I am Canadian. Often, this is immediately noticeable – I have an extensive collection of plaid shirts, an unabashed love of cold weather, and I tend to apologize a lot.
It’s important that you know this, not just because I’m proud of my heritage, but because it’s a key part of one of the most significant and trying events I’ve had in my life. An event that, remarkably, has changed my thinking on this Refugee Shabbat.
A little over three months ago, on the very first day when I was supposed to start working here at Sixth & I, I learned of a monumental bureaucratic error that meant I didn’t receive proper authorization to work legally here in the United States.
I was told that it could be up to a year before I would receive authorization.
I couldn’t officially start my job. So I volunteered my time and energy. But I couldn’t really be recognized for this thrilling new step in my life. I couldn’t post anything online, for fear that someone at Homeland Security might misinterpret it as me doing something illegal.
For the past three months, I’ve been waiting in the dark limbo that is United States Citizenship and Immigration applications, FBI background checks, and paying fees to the Department of Homeland Security.
I have felt as though I’ve been living in hiding. Never have I wanted so badly to have a Microsoft Outlook calendar and meeting invites – the markers of normalcy.
But last week, I received notice that my application was approved and my work authorization card was in the mail.
It was – to put it mildly – a tremendous relief. I can legally work in the US. I received a card that gives me that privilege. A tiny plastic card, with immense weight.
During these months of waiting, I crossed the border to Canada back and forth several times.
Each time, upon approaching the US immigration officials, I wondered: “is this it? Is this the time they don’t let me in?
Is this when I get hauled off to a room somewhere?”
Now, let me be clear: many, many people are in situations unimaginably worse than me. As nerve-wracking as this has been, I have systems of support and privilege that others only dream of: I’m a white guy, with a graduate degree. I have a family safe at home in Canada, and a community here at Sixth & I that has been nothing short of remarkable in their compassion, understanding, and patience.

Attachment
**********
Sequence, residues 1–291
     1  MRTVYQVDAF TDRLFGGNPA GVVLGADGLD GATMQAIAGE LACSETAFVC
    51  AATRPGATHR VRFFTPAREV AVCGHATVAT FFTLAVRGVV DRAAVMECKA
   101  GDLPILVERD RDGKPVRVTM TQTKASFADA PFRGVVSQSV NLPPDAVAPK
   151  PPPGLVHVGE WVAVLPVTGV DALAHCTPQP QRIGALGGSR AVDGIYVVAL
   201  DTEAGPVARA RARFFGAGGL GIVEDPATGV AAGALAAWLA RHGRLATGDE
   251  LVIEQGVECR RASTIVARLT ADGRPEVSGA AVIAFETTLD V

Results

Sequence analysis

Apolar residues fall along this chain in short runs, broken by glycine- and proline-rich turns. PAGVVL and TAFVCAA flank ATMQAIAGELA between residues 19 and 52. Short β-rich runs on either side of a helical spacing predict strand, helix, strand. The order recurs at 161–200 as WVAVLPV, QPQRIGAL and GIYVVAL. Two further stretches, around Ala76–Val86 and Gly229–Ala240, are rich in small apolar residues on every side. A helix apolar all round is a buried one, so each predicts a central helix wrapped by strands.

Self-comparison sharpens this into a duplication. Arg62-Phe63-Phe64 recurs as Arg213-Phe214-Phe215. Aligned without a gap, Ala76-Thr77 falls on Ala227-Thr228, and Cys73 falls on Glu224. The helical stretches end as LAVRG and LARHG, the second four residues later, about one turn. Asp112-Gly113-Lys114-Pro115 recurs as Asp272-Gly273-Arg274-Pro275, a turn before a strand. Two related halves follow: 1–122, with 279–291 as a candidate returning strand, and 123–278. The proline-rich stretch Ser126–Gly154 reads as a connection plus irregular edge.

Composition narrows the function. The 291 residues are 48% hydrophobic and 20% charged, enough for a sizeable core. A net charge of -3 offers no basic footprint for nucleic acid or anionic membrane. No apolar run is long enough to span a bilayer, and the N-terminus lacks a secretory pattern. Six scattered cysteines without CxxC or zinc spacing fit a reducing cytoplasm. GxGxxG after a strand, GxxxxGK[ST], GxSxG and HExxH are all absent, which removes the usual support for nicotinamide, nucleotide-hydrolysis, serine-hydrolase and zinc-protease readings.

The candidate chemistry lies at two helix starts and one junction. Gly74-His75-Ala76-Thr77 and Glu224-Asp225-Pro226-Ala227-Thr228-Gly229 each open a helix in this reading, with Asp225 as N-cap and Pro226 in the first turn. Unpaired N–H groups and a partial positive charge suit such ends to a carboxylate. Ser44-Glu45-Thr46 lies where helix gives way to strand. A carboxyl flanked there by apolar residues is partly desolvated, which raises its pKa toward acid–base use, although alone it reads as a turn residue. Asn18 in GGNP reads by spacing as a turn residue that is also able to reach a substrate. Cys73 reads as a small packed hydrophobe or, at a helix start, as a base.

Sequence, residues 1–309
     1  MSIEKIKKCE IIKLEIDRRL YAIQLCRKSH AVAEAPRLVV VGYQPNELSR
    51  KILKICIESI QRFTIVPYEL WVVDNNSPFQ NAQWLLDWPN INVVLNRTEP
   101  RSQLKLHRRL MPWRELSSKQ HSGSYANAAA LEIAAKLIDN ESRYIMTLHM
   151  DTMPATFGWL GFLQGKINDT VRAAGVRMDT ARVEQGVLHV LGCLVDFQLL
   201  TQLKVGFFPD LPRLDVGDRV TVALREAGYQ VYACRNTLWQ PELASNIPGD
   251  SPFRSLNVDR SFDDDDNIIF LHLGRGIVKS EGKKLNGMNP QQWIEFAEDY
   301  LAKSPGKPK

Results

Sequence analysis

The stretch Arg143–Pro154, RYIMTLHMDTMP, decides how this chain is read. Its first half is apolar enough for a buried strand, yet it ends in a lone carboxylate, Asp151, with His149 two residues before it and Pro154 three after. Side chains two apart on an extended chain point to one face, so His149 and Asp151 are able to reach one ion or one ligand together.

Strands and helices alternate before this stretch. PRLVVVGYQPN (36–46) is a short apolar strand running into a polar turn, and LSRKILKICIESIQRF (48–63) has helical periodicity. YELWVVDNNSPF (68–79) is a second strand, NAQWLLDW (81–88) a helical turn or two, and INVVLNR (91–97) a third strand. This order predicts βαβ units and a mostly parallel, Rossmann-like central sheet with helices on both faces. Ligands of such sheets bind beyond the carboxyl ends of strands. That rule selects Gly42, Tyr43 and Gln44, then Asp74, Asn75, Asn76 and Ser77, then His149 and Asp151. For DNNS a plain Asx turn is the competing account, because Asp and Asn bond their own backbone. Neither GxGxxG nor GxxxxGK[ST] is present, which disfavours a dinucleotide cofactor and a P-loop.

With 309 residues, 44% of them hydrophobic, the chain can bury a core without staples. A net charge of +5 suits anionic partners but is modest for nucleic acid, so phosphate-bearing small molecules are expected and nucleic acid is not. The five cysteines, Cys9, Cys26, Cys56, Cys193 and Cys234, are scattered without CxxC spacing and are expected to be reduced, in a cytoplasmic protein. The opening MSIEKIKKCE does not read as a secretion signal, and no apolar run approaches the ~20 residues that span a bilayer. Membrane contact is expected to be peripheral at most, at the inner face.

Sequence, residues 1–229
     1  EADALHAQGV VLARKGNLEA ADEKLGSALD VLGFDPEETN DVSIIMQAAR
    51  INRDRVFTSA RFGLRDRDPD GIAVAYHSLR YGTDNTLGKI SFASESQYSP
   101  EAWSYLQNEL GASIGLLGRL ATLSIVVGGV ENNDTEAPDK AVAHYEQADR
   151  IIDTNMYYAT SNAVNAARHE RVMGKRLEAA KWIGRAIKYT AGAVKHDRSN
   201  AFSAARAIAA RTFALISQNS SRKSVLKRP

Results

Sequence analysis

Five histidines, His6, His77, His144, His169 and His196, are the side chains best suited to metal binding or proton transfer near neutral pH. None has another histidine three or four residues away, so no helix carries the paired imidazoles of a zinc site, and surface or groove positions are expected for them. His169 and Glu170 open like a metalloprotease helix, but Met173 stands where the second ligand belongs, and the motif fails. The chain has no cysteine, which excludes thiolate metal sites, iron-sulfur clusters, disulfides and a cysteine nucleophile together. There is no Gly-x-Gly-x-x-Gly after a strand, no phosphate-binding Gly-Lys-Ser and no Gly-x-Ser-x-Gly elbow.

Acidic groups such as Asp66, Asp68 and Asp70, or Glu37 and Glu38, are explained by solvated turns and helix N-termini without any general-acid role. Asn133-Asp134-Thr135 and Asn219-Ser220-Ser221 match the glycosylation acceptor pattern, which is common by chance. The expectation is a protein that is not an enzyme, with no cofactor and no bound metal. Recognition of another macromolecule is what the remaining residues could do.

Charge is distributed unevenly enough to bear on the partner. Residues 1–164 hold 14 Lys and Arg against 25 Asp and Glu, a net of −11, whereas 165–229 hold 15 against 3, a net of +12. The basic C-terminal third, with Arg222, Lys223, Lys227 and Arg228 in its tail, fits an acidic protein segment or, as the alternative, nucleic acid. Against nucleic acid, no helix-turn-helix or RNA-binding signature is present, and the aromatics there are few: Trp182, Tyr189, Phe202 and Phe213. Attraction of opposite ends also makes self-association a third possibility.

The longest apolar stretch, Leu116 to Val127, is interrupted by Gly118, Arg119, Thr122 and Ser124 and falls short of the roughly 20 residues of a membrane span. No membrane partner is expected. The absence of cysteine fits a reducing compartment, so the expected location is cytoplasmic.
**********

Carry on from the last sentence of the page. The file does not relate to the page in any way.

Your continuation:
But I caught a glimpse of the underbelly of the US immigration system. And while it’s worked out for me, for many, it’s downright oppressive.
I will not forget, when my partner and I were pulled aside at the border by officials for secondary screening, and she turned to me in the waiting room and whispered: “we’re the only ones in here who aren’t people of colour.”
There are people in situations unimaginably more dire and desperate than mine. I can’t forget that.
“In every generation, we are obligated to see ourselves as though we came forth from Egypt. בכל דור ודור חיב אדם לראות את עצמו כאלו הֹוא יצא ממצרים,” we read at the Passover Seder.
If there was a bingo card of phrases you’d expect to hear at Refugee Shabbat, this teaching would be on the free square in the centre.
It’s the backbone idea behind Judaism’s near-constant insistence on not subverting the rights of the most vulnerable.
But as a result of my recent experiences, here’s what I’ve been wondering:
How many of us really know what it feels like to be a refugee?
How many of us actually know what it is like to flee for our very lives?
If we can’t know what this actually feels like, then how can we see ourselves as though we came out of Egypt?
How can we make this more than just a catchy phrase that risks coming off as virtue signaling?
Here’s what I know: it is terrifying to feel the instability of having your “status” held in the hands of an at-times opaque and Kafkaesque government agency.
Most people will never know what this feels like. But I wonder what political policy regarding refugees might look like if more people did.
Nine hundred years ago, a Jewish philosopher – himself a refugee – figured out the same idea. Rabbi Moses Maimonides was exiled from his home in Spain by anti-Jewish leaders, and forced to wander across North Africa in search of a new home.
And he was profoundly unsatisfied with this idea of seeing ourselves as though we came out of Egypt. How could you do that if you haven’t actually experienced such a trauma?!
So he made a small change: Don’t just see yourself as a refugee. Instead, he said: “In every generation, we are obligated to show ourselves as though we left Egypt. בכל דור ודור חיב אדם להראות את עצמו כאלו הֹוא יצא ממצרים”
It’s just one Hebrew letter that makes the difference between seeing and showing. But the implications are huge.